Perhaps it was simply a case that THE DARK TOWER was destined to fail. It certainly seems that this production was troubled right from the start. J.J Abrams, along with TV’s LOST co-creators, Carlton Cuse and Damon Lindelof, were brought in way back in early 2007 when the film adaptation of Stephen King’s octet of celebrated novels was in the early stages of development. By the end of 2009, however, Abrams and company walked away from the project, ostensibly claiming that the timing wasn’t right for them. Five months later, Ron Howard and screenwriter Akiva Goldsman (Oscar® winner for A BEAUTIFUL MIND) picked up the project, which would now comprise a few films and a TV series. Universal Pictures agreed to produce and, a few months later, Javier Bardem was cast as Roland (the Gunslinger). By July 2011, however, Universal scrubbed the project citing budgetary concerns. Eight months later, Warner Bros. picked up the project and Goldsman provided them with a script. By August 2012, though, that studio, too, abandoned ship.
In June 2015, Sony Pictures announced it would produce the project with Danish filmmaker Nikolaj Arcel directing. Danish screenwriter Anders Thomas Jensen was brought in to rewrite Goldsman’s script and filming began in April 2016. When the film was poorly received by test audiences last October, however, Sony decided to spend another US$6 million on reshoots. Little did they know that they would be throwing good money after bad.
Not having read the books, I cannot comment on how the film compares and perhaps that was a good thing for me going into the screening. I had no preconceptions of what the film should or should not be. However, after watching it, I can now say that the books must be better than the film. THE DARK TOWER is pretty bad. Yes, we’ve seen far worse this year – THE MUMMY quickly comes to mind – but this film has very little character development, it lacks flavour, the story covers so much ground that the audience doesn’t have a chance to take in and appreciate any one scene, and the ending is jarringly out of sync with the tone of the rest of the story. THE DARK TOWER is a case of too many cooks spoiling the broth.
If you know nothing about the story, or if you’re still curious at this point, 11-year-old, New York City boy, Jake Chambers (British actor, Tom Taylor) has been experiencing vivid nightmares on a regular basis ever since his dad died a year earlier. In his dreams, he sees a Man in Black who is trying to destroy a tower (looking a lot like an all-black version of Dubai’s Burj Khalifa) and bring chaos into the world all while a Gunslinger hunts him down to stop him from doing so. At the same time that Jake is having these nightmares, the planet is experiencing unexplained tremors and earthquakes on a regular basis. Jake is sure they are related but his mother and step-father are less certain. When they try to send Jake to a psychiatric facility, he runs away, searching for a dilapidated house that he’s seen in his visions. He ends up finding it in Brooklyn, goes inside and discovers a mysterious portal that transports him to a post-apocalyptic place called Mid-World. There, he finds the Gunslinger (Idris Elba, STAR TREK BEYOND; THE JUNGLE BOOK), whom he convinces to take him along to find and kill the Man in Black (Matthew McConaughey, DALLAS BUYERS CLUB), and together save the universe.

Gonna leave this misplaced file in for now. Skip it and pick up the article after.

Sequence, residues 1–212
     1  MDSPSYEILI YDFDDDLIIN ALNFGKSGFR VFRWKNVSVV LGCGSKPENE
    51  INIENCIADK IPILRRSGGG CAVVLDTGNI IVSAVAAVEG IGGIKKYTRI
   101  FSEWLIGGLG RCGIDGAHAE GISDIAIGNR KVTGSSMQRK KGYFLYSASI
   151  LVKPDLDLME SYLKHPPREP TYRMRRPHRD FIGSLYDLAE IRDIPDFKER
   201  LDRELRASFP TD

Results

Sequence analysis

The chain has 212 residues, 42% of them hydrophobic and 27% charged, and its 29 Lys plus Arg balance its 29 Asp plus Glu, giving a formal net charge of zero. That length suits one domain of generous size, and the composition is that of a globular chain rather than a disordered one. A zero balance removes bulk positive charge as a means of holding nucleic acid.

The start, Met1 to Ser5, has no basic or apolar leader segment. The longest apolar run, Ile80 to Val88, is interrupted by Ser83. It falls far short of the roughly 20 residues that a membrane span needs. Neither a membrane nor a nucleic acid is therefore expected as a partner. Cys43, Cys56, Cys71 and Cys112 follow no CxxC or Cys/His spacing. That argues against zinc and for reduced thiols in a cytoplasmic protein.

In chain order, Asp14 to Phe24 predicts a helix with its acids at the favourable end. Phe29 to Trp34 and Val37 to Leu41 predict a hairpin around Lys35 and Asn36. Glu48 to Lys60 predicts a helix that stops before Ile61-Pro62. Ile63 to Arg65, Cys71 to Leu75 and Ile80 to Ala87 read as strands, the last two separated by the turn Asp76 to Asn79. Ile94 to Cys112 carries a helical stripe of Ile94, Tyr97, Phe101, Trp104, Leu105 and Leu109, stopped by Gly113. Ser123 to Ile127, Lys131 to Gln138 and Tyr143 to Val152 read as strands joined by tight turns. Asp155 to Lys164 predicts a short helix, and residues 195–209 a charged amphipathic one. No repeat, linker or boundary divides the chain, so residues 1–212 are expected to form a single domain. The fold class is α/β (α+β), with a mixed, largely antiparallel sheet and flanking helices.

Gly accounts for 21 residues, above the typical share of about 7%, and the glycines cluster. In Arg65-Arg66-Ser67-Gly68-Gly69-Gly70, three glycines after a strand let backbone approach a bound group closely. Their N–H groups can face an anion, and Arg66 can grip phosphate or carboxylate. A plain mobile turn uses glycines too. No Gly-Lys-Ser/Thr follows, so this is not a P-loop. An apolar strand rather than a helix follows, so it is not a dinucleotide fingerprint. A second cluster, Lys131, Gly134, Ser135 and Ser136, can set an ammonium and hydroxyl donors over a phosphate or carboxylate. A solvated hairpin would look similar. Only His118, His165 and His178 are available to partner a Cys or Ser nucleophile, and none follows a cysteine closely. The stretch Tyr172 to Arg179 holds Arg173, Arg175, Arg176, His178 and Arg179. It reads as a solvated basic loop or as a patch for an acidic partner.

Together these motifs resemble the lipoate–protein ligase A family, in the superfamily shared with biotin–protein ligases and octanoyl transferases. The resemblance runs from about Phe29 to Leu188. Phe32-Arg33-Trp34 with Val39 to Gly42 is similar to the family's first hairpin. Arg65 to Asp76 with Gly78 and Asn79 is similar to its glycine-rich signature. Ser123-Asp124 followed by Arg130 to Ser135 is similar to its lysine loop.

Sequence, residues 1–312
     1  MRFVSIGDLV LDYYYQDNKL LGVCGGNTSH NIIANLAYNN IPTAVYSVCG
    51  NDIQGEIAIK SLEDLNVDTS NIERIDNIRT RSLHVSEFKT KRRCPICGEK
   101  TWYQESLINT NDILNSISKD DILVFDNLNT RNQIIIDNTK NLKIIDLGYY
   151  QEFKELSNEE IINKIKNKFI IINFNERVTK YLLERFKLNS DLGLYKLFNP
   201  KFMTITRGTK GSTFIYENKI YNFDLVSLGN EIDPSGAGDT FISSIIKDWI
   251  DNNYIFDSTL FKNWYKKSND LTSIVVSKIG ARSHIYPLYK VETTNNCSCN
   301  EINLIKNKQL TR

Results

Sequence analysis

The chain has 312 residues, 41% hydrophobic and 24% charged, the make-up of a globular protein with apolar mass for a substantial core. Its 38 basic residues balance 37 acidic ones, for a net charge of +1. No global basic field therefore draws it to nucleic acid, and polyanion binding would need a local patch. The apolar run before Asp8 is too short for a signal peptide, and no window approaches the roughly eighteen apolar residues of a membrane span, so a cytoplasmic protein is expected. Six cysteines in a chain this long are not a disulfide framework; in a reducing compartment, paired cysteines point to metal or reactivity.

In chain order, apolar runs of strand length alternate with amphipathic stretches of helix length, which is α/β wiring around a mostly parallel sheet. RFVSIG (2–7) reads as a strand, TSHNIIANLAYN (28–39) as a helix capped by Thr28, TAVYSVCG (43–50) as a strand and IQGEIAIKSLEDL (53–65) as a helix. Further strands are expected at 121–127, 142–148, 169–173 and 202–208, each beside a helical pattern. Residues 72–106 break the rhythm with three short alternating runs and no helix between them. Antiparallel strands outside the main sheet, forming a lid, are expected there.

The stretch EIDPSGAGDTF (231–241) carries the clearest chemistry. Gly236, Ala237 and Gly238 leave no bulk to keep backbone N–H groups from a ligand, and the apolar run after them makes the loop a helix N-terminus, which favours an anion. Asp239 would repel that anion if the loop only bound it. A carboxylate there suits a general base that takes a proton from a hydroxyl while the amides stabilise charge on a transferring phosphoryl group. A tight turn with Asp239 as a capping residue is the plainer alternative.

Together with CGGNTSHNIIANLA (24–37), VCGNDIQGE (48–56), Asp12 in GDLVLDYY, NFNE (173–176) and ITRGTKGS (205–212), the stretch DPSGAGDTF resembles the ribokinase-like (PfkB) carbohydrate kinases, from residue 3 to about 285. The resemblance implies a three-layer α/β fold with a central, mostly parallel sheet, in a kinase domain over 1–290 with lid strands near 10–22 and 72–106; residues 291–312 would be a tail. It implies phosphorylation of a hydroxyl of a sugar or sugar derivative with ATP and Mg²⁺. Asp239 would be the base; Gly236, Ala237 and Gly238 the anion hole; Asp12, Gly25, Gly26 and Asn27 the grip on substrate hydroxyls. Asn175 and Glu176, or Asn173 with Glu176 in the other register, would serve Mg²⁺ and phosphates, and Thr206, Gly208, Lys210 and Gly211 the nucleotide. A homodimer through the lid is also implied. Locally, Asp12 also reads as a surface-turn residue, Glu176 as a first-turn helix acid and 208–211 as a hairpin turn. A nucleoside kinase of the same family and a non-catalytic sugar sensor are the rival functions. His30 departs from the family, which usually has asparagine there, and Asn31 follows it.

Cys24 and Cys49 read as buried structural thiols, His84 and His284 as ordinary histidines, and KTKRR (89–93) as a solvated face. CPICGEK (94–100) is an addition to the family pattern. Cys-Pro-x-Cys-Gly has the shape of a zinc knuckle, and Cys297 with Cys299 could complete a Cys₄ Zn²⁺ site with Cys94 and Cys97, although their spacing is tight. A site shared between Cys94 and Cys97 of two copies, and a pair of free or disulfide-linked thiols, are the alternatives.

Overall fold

King, himself, has said that his stories were influenced by The Lord of the Rings, the legend of King Arthur, and THE GOOD, THE BAD AND THE UGLY, and all are certainly in evidence in the film. What King didn’t mention and is most evident at least in the film is the similarity to STAR WARS. In THE DARK TOWER, the Man is Black is Darth Vader, the Gunslinger is Han Solo and Jake Chambers is Luke Skywalker. The MIB’s underlings, the Taheen, are the Imperial Storm Troopers. Mid-World is a sort-of Alderaan, the MIB’s base of operations (do we even know what it’s called?) is the Death Star, and the Dark Tower is the anti-Death Star. This is a hugely derivative screenplay! Yet, unlike STAR WARS (Episodes 4 to 6, specifically), the non-Earth worlds of THE DARK TOWER are uninspired. There are neither funny looking nor cute and furry extra-terrestrials to revel in. Everyone looks like they just stepped off the set from TV’s LITTLE HOUSE ON THE PRAIRIE. Because King’s eight books have been crammed into such a short, 95-minute, running time (which is truly a blessing in retrospect), there is little or no chance to develop the secondary characters. At one point, Jake seems to take an interest in the well-being of a young woman in Mid-World but we never get to hear her speak much less learn her name.
Unfortunately, the film gets even worse whenever McConaughey is on screen. I’m not sure what his inspiration was but the characterisation meter was firmly pointing towards campy rather than menacing. Was it his fault or the director’s? I’m saying it was the director’s. Either way, it was awful. Elba fared much better up until that final scene that I mentioned above. It smacks of “sequelitis”. Again, I’m pinning the blame on the director. Even if he was given a lame script, he should have given his actors some leeway to “re-interpret” their lines and motivations.
As bad as this film is, it’s still making money at the box office but that’s probably due to the plethora of even worse films that we’ve been subjected to over the summer. Will there be a sequel to THE DARK TOWER? I doubt it but, then again, stranger things have happened in Hollywood.
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